Does this mean most businesses are deliberately stingy with their praise, or that they’re unaware of the value praise brings to the productivity table? Not necessarily.
What this statistic could instead suggest is that organizations need to create good opportunities to offer praise more often. If formal feedback occurs on an annual basis, your opportunities for positive reinforcement only come along as often as, say, Easter. Continuous feedback ensures that your managers are never short of occasions to offer a metaphorical pat on the back almost as soon as it’s warranted.
2) Higher Retention Rates
McKinsey’s exploration of employee attrition suggests that one of the biggest factors in exit decisions is that employees don’t feel their leaders care.
It goes without saying that manager-employee feedback is, when handled correctly, a great way to fill the caring-shaped hole in the employee experience. Management scholars have corroborated this idea, pointing out that balanced feedback is a fantastic way to make sure employees feel valued.
The retention-related benefits of feedback might not be realized, however, if your managers only provide it sporadically. When feedback is a once- or twice-per-year event, it takes on the flavor of an HR obligation—far from the care and attention implied by frequent check-ins on both a formal and informal basis.
MAKE YOUR PERFORMANCE REVIEWS CONTINUOUS | ‘Why Performance Reviews Shouldn’t Be a Once-a-Year Deal’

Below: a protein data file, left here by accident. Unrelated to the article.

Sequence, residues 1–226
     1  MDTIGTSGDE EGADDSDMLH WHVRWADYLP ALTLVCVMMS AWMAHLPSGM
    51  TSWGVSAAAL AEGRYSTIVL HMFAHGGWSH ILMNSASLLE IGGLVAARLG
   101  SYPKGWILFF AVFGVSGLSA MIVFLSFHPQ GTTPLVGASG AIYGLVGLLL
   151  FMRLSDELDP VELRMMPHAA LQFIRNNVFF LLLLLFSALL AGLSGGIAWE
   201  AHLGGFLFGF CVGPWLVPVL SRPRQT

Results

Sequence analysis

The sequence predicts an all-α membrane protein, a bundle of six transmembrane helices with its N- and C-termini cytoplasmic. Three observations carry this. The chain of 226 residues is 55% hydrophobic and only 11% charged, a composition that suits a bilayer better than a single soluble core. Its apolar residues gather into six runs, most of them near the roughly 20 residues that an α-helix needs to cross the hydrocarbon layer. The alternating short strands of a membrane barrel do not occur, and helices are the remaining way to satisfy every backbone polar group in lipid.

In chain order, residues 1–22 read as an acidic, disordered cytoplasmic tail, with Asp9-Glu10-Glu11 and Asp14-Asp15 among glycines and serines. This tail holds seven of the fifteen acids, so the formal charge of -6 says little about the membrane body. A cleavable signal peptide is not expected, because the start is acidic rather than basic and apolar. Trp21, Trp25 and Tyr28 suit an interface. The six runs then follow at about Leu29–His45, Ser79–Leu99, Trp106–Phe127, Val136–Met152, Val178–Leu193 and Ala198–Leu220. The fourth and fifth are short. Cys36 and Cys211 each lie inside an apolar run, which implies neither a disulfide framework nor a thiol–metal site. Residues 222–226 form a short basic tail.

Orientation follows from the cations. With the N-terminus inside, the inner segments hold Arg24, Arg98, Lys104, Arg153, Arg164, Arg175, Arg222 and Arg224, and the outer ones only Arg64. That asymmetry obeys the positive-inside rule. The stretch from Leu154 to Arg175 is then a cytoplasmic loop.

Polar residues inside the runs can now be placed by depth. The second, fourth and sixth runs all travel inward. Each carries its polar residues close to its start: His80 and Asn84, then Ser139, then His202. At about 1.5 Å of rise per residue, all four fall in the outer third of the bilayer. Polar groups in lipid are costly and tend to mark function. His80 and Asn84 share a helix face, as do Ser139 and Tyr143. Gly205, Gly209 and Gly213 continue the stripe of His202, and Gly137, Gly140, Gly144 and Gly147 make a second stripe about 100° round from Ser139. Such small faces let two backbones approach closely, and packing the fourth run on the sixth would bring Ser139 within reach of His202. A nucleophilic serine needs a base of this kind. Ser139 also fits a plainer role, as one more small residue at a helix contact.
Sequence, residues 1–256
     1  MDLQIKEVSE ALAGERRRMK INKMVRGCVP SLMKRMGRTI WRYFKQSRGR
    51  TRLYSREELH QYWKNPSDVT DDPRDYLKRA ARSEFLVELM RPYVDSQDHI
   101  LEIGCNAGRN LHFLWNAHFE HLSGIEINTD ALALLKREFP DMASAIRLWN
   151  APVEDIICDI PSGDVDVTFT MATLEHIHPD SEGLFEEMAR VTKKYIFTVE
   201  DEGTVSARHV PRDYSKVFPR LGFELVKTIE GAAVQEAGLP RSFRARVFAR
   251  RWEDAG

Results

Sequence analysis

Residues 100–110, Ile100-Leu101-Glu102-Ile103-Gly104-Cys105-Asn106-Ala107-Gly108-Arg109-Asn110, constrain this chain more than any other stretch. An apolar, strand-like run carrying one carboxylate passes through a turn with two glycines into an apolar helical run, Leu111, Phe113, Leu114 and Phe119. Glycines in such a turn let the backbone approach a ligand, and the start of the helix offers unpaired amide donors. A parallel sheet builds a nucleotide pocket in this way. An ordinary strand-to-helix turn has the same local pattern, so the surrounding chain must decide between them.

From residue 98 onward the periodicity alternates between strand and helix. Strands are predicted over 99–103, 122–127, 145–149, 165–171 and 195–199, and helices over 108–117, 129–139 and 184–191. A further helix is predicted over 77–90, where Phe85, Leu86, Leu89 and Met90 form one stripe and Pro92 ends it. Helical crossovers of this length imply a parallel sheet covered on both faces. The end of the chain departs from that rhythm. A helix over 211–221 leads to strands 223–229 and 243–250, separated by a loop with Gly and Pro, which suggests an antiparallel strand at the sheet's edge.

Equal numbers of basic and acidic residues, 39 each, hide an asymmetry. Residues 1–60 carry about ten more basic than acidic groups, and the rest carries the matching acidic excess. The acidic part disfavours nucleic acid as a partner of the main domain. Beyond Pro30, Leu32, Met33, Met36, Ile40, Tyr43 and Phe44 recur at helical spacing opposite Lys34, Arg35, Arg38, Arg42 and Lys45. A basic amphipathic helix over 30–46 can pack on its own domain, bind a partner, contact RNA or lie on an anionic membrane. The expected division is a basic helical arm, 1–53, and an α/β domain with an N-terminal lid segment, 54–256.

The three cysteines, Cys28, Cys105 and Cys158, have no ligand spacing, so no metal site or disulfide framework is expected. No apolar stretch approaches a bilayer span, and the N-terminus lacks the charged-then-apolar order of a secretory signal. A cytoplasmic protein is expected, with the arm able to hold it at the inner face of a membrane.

3) Stronger Employee Engagement
One 2022 survey suggests that around half of employees feel more motivated after regular performance discussions with their managers.
The key word, here, is “regular”. The same survey found that 63% of employees specifically want “in-the-moment” feedback, which can only be achieved through consistent and frequent conversations about the topics, issues, and accomplishments that make up the recent past.
Though satisfying employee wants is reason enough to take continuous feedback seriously, there are clear benefits to nurturing an engaged and motivated workforce. The results of one study on employee motivation, for example, found that job motivation factors were “significant predictors on job performance”. In other words: motivated employees do their jobs well.
4) New Managerial Efficiencies
From a managerial perspective, it might sound counterintuitive to suggest that more frequent feedback can lead to less time wasted. According to Gallup, however, the traditional (read: infrequent!) form of delivering feedback is an “intimidating and overwhelming” prospect for managers who are required to review months of accumulated performance information for each of their reports.
By contrast, managers’ consistent engagement with their reports’ progress under a continuous feedback system ensures that everything they need to know is top of mind, reducing prep time while allowing for feedback based on a much more nuanced understanding of employee performance.
Want the Full Story on Continuous Feedback?
You’re just a click or two away! This blog post is a snippet of our ebook on continuous feedback, titled ‘Feel the Benefits of Continuous Feedback With These 4 Approaches.’ Download the full ebook for some in-depth guidance on the form your continuous feedback should take—and why it matters.